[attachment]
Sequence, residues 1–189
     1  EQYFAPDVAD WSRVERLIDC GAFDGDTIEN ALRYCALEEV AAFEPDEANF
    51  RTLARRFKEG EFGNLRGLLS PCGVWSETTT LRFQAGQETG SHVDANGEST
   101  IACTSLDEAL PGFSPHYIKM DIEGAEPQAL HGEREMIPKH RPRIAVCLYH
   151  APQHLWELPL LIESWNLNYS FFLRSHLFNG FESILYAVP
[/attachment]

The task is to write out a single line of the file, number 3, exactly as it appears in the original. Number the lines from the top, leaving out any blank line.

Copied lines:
    51  RTLARRFKEG EFGNLRGLLS PCGVWSETTT LRFQAGQETG SHVDANGEST